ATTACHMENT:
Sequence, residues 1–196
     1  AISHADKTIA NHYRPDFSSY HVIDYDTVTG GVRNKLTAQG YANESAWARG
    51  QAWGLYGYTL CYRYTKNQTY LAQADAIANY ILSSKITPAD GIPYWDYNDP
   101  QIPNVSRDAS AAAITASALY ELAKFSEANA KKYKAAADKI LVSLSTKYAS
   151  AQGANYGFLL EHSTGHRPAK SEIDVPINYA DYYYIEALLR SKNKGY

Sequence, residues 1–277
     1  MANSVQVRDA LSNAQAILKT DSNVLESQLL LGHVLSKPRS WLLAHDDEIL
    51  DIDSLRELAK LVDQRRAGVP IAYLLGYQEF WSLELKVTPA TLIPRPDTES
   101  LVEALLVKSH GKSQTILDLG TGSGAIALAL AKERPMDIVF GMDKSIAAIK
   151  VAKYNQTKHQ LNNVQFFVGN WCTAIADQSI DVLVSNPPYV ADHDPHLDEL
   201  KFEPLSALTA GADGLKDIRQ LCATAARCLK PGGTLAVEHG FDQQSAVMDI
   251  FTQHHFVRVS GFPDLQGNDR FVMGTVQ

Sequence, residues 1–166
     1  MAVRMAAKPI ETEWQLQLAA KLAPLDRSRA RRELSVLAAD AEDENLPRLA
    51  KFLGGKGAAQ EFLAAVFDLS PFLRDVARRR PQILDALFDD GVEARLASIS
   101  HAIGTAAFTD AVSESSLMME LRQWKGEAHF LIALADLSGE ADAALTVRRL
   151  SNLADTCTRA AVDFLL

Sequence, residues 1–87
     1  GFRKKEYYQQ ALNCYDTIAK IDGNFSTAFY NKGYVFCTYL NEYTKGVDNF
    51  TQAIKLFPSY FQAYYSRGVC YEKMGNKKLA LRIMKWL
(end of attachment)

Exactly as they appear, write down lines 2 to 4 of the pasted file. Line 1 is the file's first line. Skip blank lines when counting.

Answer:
     1  AISHADKTIA NHYRPDFSSY HVIDYDTVTG GVRNKLTAQG YANESAWARG
    51  QAWGLYGYTL CYRYTKNQTY LAQADAIANY ILSSKITPAD GIPYWDYNDP
   101  QIPNVSRDAS AAAITASALY ELAKFSEANA KKYKAAADKI LVSLSTKYAS